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And what about delivery?

“For everything you can, you should get delivery,” said my brother Dennis, a meat-cutter for a large bulk grocery chain. “In fact, in most cases you are paying a little more for another person to have a job.”

“I’d really prefer for my safety and everyone else’s if they all used the delivery services or pickup-and-go. Everyone who comes in contact with other people is in danger, and that danger is multiplied by how many people are around.”

But doesn't that put people — like those who work for Instacart — in danger?

Yes, it does. But if everyone ordered curbside pickup or delivery, Dennis said, it would dramatically reduce those risks.

“Let’s say ten people get the same Instacart shopper; that’s ten people who aren’t standing in line at the same time,” Dennis explained. “If more people are buying online, then less bodies in the store mean less danger for everyone.”

Plus, for many gig workers like Doordash and Grubhub delivery drivers, it’s really hard to get unemployment, Chelsea pointed out. The system sucks, but that doesn’t mean workers should be punished even more for it.

All of my brothers and sisters agreed that hazard pay and benefits — especially health insurance — would help workers feel safer every day. Ideally, they said, the extra costs would be supported by federal subsidies, so small businesses wouldn’t be put under further financial strain.

Supporting small businesses and restaurants won’t just help workers now, Chelsea said. It’ll help the businesses recover faster later on. “So many of us are depending on them being around to reopen when the time comes,” she said.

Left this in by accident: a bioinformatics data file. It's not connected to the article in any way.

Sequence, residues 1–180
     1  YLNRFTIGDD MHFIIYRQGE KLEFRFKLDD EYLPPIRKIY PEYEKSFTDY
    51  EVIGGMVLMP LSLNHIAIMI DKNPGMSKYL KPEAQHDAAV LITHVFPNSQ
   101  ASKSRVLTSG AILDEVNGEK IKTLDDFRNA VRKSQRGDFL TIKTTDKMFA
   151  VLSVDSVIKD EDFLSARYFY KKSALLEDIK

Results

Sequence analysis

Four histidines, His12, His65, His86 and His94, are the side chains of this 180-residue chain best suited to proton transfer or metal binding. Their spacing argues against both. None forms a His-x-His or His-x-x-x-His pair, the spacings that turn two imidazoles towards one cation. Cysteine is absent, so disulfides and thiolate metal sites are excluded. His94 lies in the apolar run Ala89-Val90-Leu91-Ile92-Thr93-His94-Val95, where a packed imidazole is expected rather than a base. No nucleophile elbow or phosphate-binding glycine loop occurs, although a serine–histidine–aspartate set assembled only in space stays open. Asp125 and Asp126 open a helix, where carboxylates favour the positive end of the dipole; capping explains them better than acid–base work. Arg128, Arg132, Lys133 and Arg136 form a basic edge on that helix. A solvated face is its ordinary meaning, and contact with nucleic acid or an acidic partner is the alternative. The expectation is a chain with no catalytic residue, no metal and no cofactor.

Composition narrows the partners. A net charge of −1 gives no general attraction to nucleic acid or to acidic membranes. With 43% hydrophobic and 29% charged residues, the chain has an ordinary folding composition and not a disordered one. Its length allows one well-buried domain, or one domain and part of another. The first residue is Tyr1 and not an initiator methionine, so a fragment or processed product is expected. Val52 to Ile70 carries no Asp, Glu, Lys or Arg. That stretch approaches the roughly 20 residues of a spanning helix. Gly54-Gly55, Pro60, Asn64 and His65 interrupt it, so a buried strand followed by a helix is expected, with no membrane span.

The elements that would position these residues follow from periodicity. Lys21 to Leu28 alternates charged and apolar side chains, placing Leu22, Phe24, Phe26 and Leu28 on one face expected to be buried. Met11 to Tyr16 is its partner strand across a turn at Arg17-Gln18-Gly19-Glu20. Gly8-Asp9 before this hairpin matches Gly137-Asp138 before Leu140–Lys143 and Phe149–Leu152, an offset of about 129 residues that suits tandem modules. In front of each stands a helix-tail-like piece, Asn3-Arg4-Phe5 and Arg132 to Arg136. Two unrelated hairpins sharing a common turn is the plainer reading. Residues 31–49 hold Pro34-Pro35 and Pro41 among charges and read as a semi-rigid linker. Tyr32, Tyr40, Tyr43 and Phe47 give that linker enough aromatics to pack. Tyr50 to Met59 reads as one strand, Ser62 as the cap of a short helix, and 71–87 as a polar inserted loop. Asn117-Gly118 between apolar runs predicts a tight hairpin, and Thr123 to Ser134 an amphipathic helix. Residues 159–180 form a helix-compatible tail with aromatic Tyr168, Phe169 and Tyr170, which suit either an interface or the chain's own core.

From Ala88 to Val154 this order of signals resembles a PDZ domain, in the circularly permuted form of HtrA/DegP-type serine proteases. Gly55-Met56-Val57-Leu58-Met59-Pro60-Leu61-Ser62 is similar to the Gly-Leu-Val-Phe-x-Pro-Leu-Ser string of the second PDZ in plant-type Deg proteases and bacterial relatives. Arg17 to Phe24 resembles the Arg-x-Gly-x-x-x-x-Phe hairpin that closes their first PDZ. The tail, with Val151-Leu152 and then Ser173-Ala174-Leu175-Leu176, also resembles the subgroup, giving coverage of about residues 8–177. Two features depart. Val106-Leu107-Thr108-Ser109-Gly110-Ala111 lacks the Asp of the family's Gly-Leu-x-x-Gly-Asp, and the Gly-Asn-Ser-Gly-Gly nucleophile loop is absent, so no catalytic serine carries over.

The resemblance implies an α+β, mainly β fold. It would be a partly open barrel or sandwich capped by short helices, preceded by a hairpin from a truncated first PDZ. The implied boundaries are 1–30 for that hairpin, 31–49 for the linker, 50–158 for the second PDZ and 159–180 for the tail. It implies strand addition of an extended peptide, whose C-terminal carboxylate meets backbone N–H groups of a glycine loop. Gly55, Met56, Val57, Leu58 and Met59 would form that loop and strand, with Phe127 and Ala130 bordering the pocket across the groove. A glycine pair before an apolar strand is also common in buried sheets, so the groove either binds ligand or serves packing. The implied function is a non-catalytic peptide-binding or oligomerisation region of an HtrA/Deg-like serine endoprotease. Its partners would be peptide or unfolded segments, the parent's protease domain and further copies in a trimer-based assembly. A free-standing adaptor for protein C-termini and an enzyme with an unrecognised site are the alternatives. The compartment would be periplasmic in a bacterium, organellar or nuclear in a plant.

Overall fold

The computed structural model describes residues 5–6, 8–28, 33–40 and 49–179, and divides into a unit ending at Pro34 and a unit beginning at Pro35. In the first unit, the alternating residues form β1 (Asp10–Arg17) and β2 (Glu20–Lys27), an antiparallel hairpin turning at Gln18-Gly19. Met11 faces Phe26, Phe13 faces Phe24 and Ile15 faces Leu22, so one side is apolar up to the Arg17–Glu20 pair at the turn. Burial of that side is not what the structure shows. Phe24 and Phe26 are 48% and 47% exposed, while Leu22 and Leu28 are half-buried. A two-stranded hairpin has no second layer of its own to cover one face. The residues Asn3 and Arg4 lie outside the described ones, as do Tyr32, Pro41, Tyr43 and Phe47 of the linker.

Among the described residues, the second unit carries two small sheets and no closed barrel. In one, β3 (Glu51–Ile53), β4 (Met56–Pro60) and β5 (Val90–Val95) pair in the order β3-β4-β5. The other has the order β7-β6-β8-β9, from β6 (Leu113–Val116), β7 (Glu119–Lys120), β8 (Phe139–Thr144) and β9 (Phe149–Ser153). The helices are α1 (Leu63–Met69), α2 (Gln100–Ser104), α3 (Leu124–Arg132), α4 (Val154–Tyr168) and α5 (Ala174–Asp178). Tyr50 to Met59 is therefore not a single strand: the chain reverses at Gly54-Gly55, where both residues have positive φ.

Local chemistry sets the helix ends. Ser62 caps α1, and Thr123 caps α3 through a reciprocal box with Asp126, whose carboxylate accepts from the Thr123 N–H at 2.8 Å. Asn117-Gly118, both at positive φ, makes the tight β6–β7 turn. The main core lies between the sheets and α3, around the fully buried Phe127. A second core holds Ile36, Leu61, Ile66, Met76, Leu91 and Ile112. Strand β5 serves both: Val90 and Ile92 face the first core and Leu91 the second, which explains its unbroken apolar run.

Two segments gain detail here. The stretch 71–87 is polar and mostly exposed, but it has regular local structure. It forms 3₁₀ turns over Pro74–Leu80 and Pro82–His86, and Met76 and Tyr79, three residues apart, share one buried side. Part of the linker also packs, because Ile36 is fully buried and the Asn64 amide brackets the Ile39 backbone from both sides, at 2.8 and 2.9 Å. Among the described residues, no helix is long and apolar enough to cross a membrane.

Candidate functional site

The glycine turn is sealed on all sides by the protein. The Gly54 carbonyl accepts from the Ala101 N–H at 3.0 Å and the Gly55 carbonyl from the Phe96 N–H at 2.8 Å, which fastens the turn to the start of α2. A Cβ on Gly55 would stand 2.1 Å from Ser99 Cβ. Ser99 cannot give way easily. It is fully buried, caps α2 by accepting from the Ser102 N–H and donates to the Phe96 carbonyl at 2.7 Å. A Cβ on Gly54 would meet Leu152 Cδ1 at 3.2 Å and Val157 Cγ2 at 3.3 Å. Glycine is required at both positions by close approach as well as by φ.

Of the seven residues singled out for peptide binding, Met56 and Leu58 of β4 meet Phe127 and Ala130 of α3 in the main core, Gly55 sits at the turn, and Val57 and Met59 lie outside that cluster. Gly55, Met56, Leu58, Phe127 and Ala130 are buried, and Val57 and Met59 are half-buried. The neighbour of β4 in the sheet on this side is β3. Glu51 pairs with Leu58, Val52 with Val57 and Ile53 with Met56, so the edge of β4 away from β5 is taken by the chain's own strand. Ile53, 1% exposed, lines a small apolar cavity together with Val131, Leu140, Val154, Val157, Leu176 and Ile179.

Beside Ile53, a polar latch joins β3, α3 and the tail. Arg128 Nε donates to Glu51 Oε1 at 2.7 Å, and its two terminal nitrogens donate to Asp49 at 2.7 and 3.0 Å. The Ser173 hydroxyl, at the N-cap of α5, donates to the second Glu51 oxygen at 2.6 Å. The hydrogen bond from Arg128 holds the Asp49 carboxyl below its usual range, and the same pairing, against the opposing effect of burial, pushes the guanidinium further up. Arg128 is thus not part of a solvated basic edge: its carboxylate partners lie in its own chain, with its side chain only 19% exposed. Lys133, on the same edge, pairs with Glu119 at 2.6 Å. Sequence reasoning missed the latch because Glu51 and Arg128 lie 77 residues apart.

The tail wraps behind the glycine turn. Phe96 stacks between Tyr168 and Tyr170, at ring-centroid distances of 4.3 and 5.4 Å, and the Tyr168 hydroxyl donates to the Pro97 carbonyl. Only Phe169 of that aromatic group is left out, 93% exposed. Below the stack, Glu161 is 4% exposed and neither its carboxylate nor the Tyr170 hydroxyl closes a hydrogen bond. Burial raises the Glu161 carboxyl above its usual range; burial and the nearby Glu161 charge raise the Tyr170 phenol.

As the reader who first asked this question said, “I think the ethical thing is to tip a lot, ask them if they feel their employers are treating them fairly, and then sometimes ask for Venmo or another direct pay option so that you can send them a little extra cash, if you can?”

I agree. Until we can find systematic ways to protect everyone’s health and well-being — both during and after this pandemic — taking care of essential workers who put their lives on the line for us is the best choice in a world of complicated options.

Dennis summed it up this way: “Order delivery — it’s fighting the virus.”

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How have you been navigating this complicated world? Do you have any insights on the ethics of essential work, or do you think I’ve gotten something wrong here? As always, please comment below or email me with questions and feedback at